Cold is your friend!
One of the most important aspects of any race car is keeping all that energy under a constant and controlled temperature. Even with a large radiator, inter cooler, oil coolers and good room around working components of a race car sometimes you need a little more assistance!
I was approached last year before the 2012/13 season had begun ,by a company in Auckland, Evolution motorsports by the managing director/owner Alvin Hooi who had been watching my website and was very interested in the car and what I have achieved to date. Evolution Motorsports wanted to be a part of LJ Racing and a sponsorship arrangement was made in the form of a product called TSD, a boron nitride spray on coating which is heat dissipation cooling technology, in a can. As most people would think including myself, is that this is a product in a can so it won’t be any good at all, right?
SO! Knowing what it takes to build a car as reliable and competitive as possilble, I was very skeptical of it working even remotely well. After a few phone calls and emails plus a bit of research, I decided it was worth a try. Now I should point out at this stage I was managing to keep the car within a comfortable operating temperature or be it only just, with temperature creeping problems on hotter days I was facing having to modify the ducting and increase radiator sizes to help promote temperature stabilization.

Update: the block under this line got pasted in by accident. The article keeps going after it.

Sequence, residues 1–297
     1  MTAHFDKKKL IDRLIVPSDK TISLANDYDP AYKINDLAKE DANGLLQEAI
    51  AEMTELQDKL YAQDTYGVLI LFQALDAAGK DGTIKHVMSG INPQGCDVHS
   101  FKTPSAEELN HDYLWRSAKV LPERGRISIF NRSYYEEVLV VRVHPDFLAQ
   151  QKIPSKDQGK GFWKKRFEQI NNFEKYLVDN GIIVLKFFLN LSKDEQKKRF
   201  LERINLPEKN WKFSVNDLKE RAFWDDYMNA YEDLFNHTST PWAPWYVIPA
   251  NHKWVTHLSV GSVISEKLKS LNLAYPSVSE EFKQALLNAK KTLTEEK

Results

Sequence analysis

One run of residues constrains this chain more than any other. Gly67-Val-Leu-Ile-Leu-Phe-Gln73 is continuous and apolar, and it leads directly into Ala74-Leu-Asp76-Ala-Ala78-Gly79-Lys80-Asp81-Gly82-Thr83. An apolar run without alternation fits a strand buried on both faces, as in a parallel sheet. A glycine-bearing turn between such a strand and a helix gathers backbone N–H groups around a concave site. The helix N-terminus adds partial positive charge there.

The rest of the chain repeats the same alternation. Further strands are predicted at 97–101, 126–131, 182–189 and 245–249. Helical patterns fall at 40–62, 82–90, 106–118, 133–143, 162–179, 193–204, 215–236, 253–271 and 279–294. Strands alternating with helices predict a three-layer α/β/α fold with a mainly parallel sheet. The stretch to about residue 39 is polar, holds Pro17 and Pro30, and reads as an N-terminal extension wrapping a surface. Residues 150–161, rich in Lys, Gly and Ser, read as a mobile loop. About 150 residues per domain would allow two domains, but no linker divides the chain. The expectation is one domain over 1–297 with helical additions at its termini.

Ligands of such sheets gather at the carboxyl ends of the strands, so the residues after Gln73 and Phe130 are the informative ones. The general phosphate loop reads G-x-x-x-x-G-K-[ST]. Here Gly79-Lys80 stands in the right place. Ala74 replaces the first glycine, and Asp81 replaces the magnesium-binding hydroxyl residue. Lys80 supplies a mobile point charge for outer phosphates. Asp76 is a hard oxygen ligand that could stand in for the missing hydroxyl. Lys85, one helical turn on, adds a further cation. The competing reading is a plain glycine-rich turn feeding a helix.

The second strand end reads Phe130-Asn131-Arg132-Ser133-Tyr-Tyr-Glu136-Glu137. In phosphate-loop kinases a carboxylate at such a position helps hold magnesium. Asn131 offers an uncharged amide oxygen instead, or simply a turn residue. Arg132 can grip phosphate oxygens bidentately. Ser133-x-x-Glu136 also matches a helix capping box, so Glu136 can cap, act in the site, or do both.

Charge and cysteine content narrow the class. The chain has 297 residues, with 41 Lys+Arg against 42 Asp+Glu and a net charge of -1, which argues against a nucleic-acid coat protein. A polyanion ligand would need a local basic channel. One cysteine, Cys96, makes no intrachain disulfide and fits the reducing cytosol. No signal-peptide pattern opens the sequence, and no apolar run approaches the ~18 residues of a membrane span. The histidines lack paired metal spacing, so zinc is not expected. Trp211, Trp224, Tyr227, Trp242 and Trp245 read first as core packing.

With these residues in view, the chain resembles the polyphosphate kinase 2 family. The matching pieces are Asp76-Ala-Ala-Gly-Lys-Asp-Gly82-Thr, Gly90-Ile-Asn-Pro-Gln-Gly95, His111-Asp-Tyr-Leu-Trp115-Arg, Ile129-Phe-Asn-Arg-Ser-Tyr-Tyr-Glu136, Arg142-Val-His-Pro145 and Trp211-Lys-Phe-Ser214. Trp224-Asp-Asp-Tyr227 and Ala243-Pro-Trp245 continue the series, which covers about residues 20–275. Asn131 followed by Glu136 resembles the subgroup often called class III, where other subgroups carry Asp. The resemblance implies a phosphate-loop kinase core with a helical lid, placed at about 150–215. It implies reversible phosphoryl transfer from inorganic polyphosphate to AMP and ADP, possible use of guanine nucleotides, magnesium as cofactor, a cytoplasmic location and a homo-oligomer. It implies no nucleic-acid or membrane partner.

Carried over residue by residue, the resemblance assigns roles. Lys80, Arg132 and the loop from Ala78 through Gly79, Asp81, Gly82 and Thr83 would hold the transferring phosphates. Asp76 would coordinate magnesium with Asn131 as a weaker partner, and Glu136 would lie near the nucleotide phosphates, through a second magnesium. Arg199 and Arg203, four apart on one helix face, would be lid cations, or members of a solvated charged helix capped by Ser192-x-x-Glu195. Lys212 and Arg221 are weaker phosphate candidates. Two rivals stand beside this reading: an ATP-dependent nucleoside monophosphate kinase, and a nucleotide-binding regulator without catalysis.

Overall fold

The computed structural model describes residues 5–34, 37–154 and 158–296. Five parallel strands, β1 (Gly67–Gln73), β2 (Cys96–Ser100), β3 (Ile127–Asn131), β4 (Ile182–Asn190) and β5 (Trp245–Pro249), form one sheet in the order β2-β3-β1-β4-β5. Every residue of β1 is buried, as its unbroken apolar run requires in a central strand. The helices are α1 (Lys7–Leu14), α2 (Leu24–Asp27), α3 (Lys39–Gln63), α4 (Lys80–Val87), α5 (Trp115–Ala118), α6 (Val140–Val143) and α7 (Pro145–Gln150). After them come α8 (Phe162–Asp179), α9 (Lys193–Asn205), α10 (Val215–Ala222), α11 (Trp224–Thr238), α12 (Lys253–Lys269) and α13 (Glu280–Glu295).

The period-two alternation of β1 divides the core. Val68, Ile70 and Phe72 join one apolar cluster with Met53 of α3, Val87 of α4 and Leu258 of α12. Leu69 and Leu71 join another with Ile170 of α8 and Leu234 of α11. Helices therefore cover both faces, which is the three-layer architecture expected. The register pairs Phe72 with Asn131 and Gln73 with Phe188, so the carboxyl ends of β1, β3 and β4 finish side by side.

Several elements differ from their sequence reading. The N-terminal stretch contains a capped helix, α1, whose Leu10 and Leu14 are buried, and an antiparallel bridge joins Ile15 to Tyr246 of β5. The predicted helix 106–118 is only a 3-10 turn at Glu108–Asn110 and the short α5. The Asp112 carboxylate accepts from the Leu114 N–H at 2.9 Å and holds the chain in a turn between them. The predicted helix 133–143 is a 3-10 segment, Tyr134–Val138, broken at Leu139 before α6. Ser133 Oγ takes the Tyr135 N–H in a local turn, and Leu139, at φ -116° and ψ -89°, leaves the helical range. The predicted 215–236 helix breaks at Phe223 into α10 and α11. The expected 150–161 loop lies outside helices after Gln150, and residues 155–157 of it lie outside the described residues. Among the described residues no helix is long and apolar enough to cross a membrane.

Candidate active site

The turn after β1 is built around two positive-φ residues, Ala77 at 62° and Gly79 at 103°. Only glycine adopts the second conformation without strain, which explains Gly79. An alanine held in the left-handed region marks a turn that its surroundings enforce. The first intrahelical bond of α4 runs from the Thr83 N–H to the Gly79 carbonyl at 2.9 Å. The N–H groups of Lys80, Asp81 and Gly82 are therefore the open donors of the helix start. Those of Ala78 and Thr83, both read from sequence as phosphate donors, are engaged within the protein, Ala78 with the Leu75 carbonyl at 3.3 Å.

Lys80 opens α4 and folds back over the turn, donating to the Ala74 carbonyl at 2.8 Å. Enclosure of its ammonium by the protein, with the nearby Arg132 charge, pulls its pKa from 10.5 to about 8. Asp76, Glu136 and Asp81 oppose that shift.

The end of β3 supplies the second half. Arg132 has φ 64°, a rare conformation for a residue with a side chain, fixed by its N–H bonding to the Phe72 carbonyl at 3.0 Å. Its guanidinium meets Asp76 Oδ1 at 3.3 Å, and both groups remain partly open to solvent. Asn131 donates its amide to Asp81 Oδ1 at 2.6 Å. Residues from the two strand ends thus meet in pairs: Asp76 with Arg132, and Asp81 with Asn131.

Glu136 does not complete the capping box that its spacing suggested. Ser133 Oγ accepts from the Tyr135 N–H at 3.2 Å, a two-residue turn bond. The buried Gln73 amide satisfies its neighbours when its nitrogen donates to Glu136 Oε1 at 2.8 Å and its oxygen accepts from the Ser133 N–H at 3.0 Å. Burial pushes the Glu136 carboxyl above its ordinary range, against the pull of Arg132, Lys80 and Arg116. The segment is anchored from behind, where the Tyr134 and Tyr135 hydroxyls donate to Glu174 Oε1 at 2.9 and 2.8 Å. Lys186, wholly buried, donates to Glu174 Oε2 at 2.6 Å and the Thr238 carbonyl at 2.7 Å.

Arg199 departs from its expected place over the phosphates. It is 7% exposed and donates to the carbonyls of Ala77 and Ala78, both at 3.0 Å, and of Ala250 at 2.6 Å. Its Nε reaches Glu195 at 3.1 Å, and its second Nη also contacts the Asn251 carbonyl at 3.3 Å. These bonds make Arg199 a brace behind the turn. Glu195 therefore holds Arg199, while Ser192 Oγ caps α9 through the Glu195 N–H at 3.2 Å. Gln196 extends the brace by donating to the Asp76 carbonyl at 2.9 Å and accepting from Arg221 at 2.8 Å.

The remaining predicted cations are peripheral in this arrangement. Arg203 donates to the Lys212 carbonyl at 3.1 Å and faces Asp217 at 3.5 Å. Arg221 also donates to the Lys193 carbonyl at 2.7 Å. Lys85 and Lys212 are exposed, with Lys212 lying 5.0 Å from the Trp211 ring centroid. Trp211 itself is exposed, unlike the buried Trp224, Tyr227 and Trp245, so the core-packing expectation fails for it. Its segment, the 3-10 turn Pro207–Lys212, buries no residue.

As it turned out I needed to go back to SpeedTech Motorsport to dyno the car after a few changes, so I used this as an opportunity in conjunction with STM and Evolution Motorsports to run a few tests on the product. With the radiator already coated and a knowledge of what the water temperature was on previous dyno runs It was a simple case of tuning the car first then doing several power runs to establish a consistent figure. This is where it became very interesting! My tuner was very interested to note that the water temperature would not go above 83deg C, every run saw the water climb to 83 and stay there, even on the last run, it is quite normal to see water temps creep up under full power runs even on well sorted race cars. Factors to consider with this result are things like air flow through the radiator given this is on a dyno so a fan has to be used to provide the air flow for what is a static car, this represents an artificial environment as a true flow of air through and around a dynamic car on track makes for different results, aspects like the ambient air temperature on the day and the time spent at full power which is not as punishing as during a 15 minute race are some of the issues not seen on a dyno. This aside and taken into account, the results showed really good control of the water cooling system and will really be tested on track, on a 30deg C ambient day, I will reveal the results I experienced later.
After the car cooled down a bit I removed and coated the inter cooler with the TSD three times then allowed it a short time to dry before re fitting ready for testing phase two.
Now you don’t often hear products in a can providing proper HP gains, it’s one of those areas people know just does not work out. I would at this stage like to point out my reputation is on the line so the results are realistic and true, it is well worth investing in TSD if you are serious about getting every gain you can without having to resort to more boost, different cams, and in general a more stressed engine.